"Money isn't all that's needed, experts say. A solution also will require new ideas about how we design, build, finance, and maintain our transportation backbone. Missouri's transportation boss, Pete K. Rahn, decided something had to change.
The problem, he believed, was that highway engineers invariably tried to build the best roads possible. But what if Missourians didn't always need the best roads possible? What if they were willing to settle for good enough? His answer was a new road-building doctrine he called "Practical Design."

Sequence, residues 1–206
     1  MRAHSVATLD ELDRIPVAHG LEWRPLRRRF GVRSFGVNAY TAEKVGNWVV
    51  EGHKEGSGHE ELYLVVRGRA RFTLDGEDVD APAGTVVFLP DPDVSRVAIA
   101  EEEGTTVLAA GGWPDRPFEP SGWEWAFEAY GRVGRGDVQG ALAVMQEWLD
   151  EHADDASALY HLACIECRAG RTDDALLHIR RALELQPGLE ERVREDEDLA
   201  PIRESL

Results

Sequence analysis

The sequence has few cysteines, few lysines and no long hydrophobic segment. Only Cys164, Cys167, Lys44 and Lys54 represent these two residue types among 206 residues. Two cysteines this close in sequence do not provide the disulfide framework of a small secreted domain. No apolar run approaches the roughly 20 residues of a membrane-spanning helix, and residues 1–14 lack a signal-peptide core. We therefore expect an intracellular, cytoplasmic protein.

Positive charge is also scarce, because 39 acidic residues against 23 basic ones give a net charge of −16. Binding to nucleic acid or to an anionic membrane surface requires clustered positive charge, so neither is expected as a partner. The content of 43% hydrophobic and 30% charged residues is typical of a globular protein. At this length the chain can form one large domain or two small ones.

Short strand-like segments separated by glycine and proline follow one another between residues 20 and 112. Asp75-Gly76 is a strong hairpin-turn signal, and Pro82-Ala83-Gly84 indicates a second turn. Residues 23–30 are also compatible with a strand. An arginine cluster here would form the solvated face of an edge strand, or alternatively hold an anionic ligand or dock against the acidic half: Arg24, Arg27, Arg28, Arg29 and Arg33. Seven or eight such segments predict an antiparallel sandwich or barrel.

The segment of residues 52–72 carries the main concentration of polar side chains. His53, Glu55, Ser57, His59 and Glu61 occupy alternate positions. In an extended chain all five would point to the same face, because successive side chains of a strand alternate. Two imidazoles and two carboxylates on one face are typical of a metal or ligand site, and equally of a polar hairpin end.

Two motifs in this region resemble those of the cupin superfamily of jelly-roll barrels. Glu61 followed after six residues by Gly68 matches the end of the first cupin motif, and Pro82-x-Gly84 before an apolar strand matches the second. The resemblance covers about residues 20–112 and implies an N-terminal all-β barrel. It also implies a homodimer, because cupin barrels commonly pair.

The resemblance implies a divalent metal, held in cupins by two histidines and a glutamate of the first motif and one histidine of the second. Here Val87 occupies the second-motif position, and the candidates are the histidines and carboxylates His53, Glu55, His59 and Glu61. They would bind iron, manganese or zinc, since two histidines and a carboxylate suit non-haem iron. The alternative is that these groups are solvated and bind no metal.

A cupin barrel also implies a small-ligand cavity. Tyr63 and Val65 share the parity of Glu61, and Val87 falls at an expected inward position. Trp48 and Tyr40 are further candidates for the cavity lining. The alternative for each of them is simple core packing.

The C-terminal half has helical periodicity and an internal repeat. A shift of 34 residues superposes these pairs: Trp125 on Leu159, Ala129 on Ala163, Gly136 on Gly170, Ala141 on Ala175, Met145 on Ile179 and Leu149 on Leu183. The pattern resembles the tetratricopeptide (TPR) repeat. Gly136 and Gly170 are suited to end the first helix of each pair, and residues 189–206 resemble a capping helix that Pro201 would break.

"Today, when Missouri engineers design highways, they aim "not to build perfect projects, but to build good projects that give you a good system," says Rahn. Practical Design says to "start at the bottom of the standards and go up to meet the need."
"Pennsylvania's Smart Transportation initiative calls on engineers to re-examine all of their assumptions. "The old style was that if we had a road that was congested, we'd project the traffic out 25 years and add lanes," says Allen D. Biehler, the state's transportation secretary.
When Pennsylvania couldn't afford a long-planned, $465 million freeway north of Philadelphia, Biehler brainstormed with communities along the 8.4-mile route and found a cheaper alternative: a parkway bordered with trees and bike trails. Work on the $200 million project began in November."